How to Save and Migrate Yahoo Groups Data Before It’s Permanently Disappeared

Finally it happens: Yahoo Groups is being closed. Well, mostly – it will still exist, but only as a shell of its former self, as Yahoo turns the various groups that were once active on the platform into glorified email lists. So what will you do now?

The great Yahoo groups have calculated that all public groups will become private. Users will still be able to search and join private groups, and administrators will retain management rights, but all communication will only be possible via email. And soon, all downloaded data will be deleted from Yahoo’s servers.

However, you still have a few days to access and export your group data. We’ll show you how to do this and also highlight some of the alternative platforms you might want to consider moving your group to, now that the Yahoo platform is going away, going away, going away.

Export your Yahoo Groups data by December 14th.

Effective October 28, 2019, Yahoo will disable all uploading and chatting features in Yahoo Groups, including:

  • Conversations
  • Calendar tools
  • Database
  • Send updates by email
  • Polls
  • Message digest and history
  • Ability to download file attachments, folders, photos and HTML links.

Even after turning off these features, you can still access and export your data for a few more weeks – until December 14, 2019. After that date, all previously uploaded content will be deleted and lost forever.

To save the data, go to the official Yahoo support page and download their export tools . The page also provides step-by-step instructions for saving your personal content for individual users, as well as retrieving data for an entire group (for administrators).

Alternatively, some platforms also include tools that can automatically transfer your data to Yahoo.

Try These Alternatives to Yahoo Groups

There are many great alternatives for groups looking for a new home. Some of them are better than the Yahoo Group has ever been, but one of the others stands out in particular.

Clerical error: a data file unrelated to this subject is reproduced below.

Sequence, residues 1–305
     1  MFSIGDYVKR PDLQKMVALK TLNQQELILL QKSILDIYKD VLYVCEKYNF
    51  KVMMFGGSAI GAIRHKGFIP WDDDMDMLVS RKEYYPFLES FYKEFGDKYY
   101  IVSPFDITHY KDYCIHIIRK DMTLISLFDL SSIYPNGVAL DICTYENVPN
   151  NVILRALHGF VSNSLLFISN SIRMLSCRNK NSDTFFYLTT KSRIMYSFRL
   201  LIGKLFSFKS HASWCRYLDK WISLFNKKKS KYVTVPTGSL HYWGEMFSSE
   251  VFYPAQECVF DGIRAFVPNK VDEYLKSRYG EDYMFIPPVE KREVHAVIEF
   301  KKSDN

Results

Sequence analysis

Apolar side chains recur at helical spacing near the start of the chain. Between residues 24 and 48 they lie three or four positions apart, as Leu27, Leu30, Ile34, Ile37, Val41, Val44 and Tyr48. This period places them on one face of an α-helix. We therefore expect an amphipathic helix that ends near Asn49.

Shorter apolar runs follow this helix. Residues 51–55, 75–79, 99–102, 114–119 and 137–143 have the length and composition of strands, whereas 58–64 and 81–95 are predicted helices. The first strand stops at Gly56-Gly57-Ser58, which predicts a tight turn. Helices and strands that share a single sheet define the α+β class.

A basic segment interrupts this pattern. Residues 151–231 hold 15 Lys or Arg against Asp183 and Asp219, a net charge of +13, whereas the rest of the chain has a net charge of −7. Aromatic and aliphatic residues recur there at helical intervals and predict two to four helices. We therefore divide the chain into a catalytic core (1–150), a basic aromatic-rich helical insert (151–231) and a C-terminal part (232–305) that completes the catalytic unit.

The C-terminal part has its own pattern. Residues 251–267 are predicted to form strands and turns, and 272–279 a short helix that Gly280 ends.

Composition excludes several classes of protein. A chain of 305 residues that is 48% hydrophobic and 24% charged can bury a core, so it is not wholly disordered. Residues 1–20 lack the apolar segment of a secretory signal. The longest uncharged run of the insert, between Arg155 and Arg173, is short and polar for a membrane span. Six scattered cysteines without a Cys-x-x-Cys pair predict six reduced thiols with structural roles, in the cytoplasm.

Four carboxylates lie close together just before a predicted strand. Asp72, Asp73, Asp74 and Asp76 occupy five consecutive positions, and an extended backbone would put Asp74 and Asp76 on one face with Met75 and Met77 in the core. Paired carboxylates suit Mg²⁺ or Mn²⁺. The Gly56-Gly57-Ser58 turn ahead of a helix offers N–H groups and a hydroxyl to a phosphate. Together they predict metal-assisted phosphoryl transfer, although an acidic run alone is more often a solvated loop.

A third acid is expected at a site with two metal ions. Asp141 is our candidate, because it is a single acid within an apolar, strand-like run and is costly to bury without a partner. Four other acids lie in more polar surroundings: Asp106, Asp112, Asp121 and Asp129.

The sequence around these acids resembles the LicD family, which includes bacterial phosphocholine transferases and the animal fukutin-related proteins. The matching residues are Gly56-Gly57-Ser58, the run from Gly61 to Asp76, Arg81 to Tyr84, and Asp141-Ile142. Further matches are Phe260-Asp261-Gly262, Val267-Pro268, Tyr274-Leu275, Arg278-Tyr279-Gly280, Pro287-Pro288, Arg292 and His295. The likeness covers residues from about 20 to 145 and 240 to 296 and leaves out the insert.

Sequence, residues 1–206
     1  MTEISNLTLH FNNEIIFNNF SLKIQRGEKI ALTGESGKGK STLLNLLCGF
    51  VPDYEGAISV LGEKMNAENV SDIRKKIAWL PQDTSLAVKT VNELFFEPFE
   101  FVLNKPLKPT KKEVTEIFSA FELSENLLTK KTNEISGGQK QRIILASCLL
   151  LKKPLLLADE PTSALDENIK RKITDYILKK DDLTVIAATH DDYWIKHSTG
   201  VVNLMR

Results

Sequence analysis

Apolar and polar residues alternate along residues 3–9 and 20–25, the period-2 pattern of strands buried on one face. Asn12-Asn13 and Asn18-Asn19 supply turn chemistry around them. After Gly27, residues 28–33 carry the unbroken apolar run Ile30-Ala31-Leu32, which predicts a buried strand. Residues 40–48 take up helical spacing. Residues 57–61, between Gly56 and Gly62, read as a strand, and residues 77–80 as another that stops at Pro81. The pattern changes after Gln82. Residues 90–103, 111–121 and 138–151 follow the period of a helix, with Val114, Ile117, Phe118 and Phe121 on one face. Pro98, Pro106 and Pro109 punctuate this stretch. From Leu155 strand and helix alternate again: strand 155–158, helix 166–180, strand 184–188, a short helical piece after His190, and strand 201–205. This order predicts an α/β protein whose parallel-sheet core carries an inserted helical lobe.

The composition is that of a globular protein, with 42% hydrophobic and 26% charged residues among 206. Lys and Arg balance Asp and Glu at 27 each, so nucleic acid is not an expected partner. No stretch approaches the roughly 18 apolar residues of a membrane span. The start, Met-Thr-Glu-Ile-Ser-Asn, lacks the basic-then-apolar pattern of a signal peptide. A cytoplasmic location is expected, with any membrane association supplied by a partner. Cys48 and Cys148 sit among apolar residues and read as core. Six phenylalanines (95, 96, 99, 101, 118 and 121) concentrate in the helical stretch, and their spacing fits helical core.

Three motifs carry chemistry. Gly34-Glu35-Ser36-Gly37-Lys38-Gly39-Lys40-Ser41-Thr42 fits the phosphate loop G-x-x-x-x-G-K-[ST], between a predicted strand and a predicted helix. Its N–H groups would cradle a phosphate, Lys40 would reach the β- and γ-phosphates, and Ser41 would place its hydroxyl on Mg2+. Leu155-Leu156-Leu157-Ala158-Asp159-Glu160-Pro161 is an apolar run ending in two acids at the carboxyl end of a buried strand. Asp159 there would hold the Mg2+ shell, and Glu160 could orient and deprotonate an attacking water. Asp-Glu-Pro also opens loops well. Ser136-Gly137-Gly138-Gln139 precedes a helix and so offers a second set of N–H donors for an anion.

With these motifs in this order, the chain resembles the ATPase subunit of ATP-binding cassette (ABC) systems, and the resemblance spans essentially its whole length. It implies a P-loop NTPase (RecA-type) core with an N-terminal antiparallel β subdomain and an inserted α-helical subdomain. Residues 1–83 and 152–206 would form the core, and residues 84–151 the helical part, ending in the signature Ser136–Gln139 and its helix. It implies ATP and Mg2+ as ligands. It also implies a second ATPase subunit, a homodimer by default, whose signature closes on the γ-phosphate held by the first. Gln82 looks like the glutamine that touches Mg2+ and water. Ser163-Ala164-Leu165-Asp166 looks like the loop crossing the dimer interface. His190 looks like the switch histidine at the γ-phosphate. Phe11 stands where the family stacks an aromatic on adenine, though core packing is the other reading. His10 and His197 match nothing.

Best: is not only a great place to land a diaspora of Yahoo Groups – replete with tools that painlessly import Yahoo Groups data and message history – it’s one of the best messaging platforms, period. The process of creating your own forum is simple, although the service is generous with its features and customization options if you want to spend a little more time customizing things. It also integrates with Facebook, RSS feeds, Github, Trello, and more, which is useful if your team is working on a project.

Most importantly, everything you need to quickly create a new group is immediately available to you. Well, pretty much everything – you’ll have to pay for some of the more advanced tools and extra features, but the free package should be more than enough for most users. Honestly, we, every Yahoo group should go to, but we have a detailed explanation if you need more persuasion .


If you don’t use and still need additional suggestions, other popular services can help:

  • Google GroupsGoogle Groups are just like any other forum; You can create and invite other users to your groups, where users create discussion threads, calendar events, set up polls, and much more what you expect to do in a message board. It’s not as robust as and its design and toolset is archaic by comparison, but it is a decent alternative to Yahoo Groups (although you can also easily export your Google Groups data to if you ever decide to leave ship) .
  • Facebook – Facebook allows users to create private and public groups. These groups have some of the same features and capabilities as Yahoo Groups — for example, submitting individual topics, creating private groups, uploading and sharing files — but they are limited compared to or Google Groups. Facebook Groups also look and work just like your regular Facebook feed, for better or for worse.
  • Discord – Discord is primarily a game-focused service, but many non-gaming groups use it due to its high level of privacy and end-to-end encryption. Discord allows you to create customized private chat servers. On the server, you can create various text or voice chats, upload files and links, send direct messages, and there are a number of member management tools and permissions that you can use to fine-tune your group according to your needs. While this is great for non-gaming groups, those who play games will be able to see what their friends are playing and can even send invites directly to Discord. Discord is available for Windows, Android, iOS, Mac and Linux, or online.
  • Slack – Slack can be synonymous with business and collaboration, but it’s also a great tool for creating private chat channels for large groups, with a range of management options available to administrators. Like Discord, Slack allows users to create subchannels, upload and share files, and also supports private messaging. Slack’s feature set can also be expanded with plugins, and it integrates with a host of other apps and productivity tools such as Trello, Google Drive, and Adobe Creative Suite. You can download Slack for free on Android, iOS, Windows, Mac, and it is also available as a web app.


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